Transcription by Barbarann AYARS © 2001
[Included with Lyson's Magna Britannia Vol 5: Derbyshire, page 23-41: BAKEWELL; page 30]
The manor of Hassop was formerly in the Foljambes. The heiress of Sir Godfrey Foljambe brought it, in the 14 C., to Sir Robert Plumpton, of Yorkshire. Sir Robert his grandson sold Hassop in 1498, to Catherine, widow of Stephen Eyre of this place, a younger son of Eyre of Padley. Francis Eyre, Esq., the immediate descendant of Stephen, on the death of the late Earl of Newburgh, in 1814, assumed that title, and is the present proprietor.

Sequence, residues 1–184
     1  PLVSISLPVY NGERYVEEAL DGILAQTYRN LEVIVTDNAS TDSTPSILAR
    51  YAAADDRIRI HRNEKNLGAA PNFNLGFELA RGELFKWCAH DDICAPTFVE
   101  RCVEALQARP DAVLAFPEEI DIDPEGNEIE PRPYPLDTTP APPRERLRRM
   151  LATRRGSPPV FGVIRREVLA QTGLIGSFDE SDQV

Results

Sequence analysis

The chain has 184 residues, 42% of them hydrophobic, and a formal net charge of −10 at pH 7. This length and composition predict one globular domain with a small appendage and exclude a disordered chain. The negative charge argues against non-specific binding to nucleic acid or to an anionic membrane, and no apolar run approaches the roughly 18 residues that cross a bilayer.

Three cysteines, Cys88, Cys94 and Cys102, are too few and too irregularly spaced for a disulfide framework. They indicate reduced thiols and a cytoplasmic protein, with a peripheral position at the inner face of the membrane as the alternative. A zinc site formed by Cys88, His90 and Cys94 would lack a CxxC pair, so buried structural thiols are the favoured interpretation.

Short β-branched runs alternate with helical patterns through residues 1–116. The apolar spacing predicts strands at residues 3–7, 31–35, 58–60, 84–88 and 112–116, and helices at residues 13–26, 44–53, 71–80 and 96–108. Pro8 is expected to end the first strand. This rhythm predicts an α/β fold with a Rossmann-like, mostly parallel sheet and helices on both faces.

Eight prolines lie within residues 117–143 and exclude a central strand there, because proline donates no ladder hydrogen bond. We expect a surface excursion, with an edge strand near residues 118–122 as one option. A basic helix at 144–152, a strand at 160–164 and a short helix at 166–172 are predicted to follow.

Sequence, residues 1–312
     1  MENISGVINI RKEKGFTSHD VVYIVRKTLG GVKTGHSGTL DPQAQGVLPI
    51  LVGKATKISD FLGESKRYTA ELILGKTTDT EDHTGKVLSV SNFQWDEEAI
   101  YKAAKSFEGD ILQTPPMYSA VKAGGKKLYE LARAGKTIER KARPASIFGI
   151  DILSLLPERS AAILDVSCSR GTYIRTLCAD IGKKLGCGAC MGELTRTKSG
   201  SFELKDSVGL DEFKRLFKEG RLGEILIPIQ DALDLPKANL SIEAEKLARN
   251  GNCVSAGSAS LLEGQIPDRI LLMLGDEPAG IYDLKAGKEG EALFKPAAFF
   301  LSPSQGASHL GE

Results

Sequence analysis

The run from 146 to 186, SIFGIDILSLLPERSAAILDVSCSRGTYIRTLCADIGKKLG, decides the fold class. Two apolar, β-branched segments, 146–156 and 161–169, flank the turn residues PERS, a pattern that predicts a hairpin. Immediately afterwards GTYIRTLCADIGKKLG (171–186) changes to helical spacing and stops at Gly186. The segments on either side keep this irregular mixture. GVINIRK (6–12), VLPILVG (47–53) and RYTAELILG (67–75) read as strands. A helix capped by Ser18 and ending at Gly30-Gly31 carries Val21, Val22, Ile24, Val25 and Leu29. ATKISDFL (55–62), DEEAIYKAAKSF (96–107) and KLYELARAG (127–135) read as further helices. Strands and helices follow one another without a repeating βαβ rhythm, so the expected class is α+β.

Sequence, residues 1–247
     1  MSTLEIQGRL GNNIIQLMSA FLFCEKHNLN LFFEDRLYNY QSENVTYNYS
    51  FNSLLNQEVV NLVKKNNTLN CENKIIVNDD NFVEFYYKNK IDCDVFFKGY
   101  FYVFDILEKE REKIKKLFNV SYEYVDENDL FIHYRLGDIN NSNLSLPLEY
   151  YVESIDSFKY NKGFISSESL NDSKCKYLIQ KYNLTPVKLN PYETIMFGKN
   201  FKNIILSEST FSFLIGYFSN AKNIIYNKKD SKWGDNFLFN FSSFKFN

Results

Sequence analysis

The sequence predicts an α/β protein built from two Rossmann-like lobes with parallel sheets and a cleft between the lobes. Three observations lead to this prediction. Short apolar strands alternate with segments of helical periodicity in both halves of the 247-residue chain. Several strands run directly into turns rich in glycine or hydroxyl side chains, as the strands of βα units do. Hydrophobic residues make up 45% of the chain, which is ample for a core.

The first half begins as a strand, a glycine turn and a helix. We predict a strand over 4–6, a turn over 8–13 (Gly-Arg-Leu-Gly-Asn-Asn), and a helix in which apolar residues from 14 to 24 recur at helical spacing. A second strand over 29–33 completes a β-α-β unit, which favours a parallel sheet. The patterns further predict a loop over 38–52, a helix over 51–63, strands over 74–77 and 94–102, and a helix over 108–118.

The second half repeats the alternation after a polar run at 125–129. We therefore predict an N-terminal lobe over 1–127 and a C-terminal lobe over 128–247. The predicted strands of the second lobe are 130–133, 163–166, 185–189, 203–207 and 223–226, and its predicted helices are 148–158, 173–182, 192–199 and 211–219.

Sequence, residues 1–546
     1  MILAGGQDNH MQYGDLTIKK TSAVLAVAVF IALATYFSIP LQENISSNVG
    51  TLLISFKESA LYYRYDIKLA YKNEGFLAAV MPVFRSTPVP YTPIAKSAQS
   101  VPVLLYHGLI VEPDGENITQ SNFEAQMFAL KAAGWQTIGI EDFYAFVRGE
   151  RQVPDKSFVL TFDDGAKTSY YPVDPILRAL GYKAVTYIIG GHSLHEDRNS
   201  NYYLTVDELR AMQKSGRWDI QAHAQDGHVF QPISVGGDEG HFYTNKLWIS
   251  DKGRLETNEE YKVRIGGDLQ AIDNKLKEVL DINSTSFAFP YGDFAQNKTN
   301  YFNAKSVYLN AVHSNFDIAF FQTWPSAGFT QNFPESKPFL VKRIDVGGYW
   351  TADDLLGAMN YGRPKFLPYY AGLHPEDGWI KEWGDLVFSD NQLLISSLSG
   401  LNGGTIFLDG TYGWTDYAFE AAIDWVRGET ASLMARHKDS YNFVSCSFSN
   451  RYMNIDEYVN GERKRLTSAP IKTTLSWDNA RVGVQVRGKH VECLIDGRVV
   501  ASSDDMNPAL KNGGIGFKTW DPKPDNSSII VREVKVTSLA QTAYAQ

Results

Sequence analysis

Hassop Hall was garrisoned for the King, by Colonel Eyre, in the month of December 1643. There is a portrait at Hassop (now the seat) of his descendant, the Earl of Newburgh), of this gallant royalist, who distinguished himself at the siege of Newark; besides others of the Eyre family and that of Edward Stafford, Duke of Buckingham.
[From Lysons Topographical and Historical Account of Derbyshire, 1817.
Transcription kindly donated by Barbarann AYARS, 10th Jan 2001]